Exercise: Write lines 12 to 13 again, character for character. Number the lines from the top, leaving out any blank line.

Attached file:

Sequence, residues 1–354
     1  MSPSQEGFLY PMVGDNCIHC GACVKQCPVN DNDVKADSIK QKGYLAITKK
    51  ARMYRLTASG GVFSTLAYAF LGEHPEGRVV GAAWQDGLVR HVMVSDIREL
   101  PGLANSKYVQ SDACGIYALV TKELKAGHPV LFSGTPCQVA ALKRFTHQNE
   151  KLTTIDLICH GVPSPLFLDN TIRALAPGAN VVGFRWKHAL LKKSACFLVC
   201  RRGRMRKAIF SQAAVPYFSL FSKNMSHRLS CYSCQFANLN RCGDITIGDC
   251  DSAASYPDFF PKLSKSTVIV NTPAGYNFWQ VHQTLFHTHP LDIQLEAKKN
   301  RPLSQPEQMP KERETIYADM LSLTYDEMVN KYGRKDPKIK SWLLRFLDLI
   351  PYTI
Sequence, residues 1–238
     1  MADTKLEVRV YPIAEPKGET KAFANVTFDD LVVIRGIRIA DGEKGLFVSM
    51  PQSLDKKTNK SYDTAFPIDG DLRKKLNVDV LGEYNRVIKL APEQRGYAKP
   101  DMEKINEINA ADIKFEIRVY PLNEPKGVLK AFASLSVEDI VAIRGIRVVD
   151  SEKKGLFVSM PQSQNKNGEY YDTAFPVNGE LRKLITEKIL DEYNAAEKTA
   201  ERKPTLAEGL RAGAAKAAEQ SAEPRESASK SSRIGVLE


    51  PQSLDKKTNK SYDTAFPIDG DLRKKLNVDV LGEYNRVIKL APEQRGYAKP
   101  DMEKINEINA ADIKFEIRVY PLNEPKGVLK AFASLSVEDI VAIRGIRVVD